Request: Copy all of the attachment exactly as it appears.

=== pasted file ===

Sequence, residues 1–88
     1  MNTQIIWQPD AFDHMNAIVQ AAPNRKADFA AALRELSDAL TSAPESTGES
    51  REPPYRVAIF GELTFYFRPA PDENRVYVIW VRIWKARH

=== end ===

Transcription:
Sequence, residues 1–88
     1  MNTQIIWQPD AFDHMNAIVQ AAPNRKADFA AALRELSDAL TSAPESTGES
    51  REPPYRVAIF GELTFYFRPA PDENRVYVIW VRIWKARH